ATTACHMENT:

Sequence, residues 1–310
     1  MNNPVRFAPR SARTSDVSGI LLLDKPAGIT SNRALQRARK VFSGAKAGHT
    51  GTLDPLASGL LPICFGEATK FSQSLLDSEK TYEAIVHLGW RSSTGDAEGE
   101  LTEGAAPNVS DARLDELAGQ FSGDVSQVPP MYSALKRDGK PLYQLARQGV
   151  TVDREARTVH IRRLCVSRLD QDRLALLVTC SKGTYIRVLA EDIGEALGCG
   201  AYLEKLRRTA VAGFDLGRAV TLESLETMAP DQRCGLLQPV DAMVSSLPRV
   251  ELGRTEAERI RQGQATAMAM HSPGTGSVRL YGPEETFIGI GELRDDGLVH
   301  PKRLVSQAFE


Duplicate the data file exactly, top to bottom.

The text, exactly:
Sequence, residues 1–310
     1  MNNPVRFAPR SARTSDVSGI LLLDKPAGIT SNRALQRARK VFSGAKAGHT
    51  GTLDPLASGL LPICFGEATK FSQSLLDSEK TYEAIVHLGW RSSTGDAEGE
   101  LTEGAAPNVS DARLDELAGQ FSGDVSQVPP MYSALKRDGK PLYQLARQGV
   151  TVDREARTVH IRRLCVSRLD QDRLALLVTC SKGTYIRVLA EDIGEALGCG
   201  AYLEKLRRTA VAGFDLGRAV TLESLETMAP DQRCGLLQPV DAMVSSLPRV
   251  ELGRTEAERI RQGQATAMAM HSPGTGSVRL YGPEETFIGI GELRDDGLVH
   301  PKRLVSQAFE